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Golden handshake by HCMC’s largest employer draws mixed feelings

By Lam Son   June 24, 2020 | 06:17 am PT
Golden handshake by HCMC’s largest employer draws mixed feelings
Employees at Pouyuen Vietnam Co. Ltd leave the company after work on April 8, 2020. Photo by VnExpress/Huu Khoa.
Sadness tinged with relief and outright despair – emotions run high among workers laid off by Taiwanese shoemaker Pouyuen Vietnam.

Hoang Thi Lien, 45, is worried about her future, but she thinks it could have been worse.

She feels lucky to have received a severance pay of VND178 million (around $7,600) after working for 18 years at the footwear factory in HCMC's Binh Tan District.

When Pouyuen announced her severance package, she was "moved to tears," Lien said. She had expected to be among those laid off because of her age, as the company scaled down operations over Covid-19 impacts.

Nostalgic about her time at Pouyuen, Lien said that when she was 28, there were very few companies in her hometown in Long An Province. As a woman with no higher education, Lien had only dreamed of having a stable job. The dream came true she was hired on May 25, 2002.

Since the company provided no transportation at the time, Lien and a friend pooled money to buy a cheap motorbike. They took turns to drive more than 40 km from Long An to HCMC each day.

"I managed to build a house, and pay for my kids’ schooling partly because of Pouyuen. It is sad that I have been laid off, but I know I am luckier than many others," Lien said.

On getting her severance pay, she felt "losing my job is not so scary anymore," Lien said, adding that she intended to deposit the money in the bank, return to her hometown, find a new job or start a small grocery shop.

She would continue paying voluntary social insurance until the scheme’s 20-year threshold so she can get a pension later, Lien added.

Bich Loan, also 45, had expected to stay with the company for life, having joined it in 1999.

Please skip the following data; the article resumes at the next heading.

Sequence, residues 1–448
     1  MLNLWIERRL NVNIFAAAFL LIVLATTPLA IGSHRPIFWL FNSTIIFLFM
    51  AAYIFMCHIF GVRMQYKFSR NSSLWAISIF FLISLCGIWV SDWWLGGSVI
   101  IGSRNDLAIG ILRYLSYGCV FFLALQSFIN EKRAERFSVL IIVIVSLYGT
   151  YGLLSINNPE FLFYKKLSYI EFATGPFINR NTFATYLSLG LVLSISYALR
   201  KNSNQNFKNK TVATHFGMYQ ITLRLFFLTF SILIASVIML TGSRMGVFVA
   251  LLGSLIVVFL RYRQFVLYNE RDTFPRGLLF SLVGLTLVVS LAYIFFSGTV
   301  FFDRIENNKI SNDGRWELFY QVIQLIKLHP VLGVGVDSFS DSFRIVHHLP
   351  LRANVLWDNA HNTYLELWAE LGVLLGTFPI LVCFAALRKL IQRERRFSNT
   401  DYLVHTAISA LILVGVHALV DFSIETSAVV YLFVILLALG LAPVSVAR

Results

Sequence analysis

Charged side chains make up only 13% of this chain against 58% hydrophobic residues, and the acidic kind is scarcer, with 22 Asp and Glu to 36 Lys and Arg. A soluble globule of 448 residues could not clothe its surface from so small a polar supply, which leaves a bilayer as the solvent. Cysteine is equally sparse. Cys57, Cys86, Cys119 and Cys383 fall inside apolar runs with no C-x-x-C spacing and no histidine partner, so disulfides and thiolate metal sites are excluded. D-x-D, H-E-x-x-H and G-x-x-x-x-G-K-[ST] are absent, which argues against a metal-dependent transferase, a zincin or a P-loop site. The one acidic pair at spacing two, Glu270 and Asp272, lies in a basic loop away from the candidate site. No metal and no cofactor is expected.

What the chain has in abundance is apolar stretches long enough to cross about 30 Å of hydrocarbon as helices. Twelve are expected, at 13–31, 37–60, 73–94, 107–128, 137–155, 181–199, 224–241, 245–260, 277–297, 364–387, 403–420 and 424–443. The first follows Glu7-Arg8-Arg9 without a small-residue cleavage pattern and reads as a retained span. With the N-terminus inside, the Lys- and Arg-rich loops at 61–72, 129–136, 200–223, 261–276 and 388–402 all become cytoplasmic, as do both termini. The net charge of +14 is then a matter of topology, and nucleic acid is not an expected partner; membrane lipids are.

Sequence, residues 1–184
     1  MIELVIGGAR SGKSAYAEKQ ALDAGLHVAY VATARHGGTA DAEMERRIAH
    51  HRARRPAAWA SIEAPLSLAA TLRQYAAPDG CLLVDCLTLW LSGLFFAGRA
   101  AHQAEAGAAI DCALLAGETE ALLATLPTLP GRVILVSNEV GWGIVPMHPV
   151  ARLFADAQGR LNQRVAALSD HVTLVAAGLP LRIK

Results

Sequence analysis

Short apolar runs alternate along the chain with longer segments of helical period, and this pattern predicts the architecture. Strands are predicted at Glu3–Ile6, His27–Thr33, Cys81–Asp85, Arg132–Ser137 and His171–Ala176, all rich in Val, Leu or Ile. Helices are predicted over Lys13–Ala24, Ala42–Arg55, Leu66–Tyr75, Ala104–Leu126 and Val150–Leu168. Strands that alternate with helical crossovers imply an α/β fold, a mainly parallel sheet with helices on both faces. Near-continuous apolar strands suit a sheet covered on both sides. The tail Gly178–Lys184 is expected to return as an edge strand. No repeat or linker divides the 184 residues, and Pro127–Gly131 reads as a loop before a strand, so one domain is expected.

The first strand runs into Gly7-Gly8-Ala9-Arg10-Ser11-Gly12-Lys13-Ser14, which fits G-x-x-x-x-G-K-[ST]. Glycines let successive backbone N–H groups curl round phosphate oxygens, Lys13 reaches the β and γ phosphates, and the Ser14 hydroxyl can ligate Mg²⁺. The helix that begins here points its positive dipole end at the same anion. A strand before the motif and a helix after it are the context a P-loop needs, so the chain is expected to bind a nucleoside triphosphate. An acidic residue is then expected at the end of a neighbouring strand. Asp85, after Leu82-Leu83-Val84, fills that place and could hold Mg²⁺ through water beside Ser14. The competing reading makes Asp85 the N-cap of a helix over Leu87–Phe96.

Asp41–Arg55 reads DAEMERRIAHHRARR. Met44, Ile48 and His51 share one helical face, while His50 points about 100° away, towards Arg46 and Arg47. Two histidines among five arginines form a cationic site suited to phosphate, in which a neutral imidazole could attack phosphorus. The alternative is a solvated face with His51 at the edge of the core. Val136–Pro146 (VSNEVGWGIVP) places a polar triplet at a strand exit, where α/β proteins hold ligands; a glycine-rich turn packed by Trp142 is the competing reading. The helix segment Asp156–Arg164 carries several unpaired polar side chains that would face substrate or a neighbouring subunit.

The native of Tien Giang Province in the Mekong Delta sank into worry as she received the news of her layoff on June 20.

"I am worried about my uncertain future. But I also felt relieved when the company announced I would receive VND200 million ($8,618) in severance pay," she said.

Loan said the Taiwan-owned shoemaker was sending the laid off workers on garden leave until August 4, meaning they would receive full pay and social insurance without going to work during this period.

Dire straits

However, Pouyuen’s decision to release to lay off almost three thousand workers has hurt many and they are in despair.

Many have taken to express their grief and anxiety on social media, especially those placed in junior positions where they cannot get significant benefits.

Nguyen Thi Tinh, 31, from the central province of Nghe An, said she only received a severance pay of VND34 million (around $1,470) after nearly six years of employment. The money is barely enough to cover some expenses for her and her 7-year-old daughter, who has been receiving medical treatment for several months.

She lamented that the company had cut her hours and her income first before laying her off.

"I am a single parent. After losing my job, I feel desperate."

Last Saturday, Pouyuen Vietnam Co. Ltd. announced it woul release 2,786 workers since Covid-19 has affected demand. Contract termination will commence on August 5, with employees allowed to remain home while still entitled to their salary.

Many laid off workers have 17-18 years of experience with the company and could access severance pay worth VND150-180 million ($6,450-$7,740), while those having worked over 20 years could get up to VND250 million ($10,740).

In addition to helping the workers find new jobs, the People's Committee of Binh Tan District proposed the City Tax Department consider their proposal to not collect 10 percent personal income tax on their severance pay.

Pouyuen Vietnam has been operating since 1996, with its main production focused on sports shoes. Currently, the company has about 65,000 employees and is Saigon's biggest employer.

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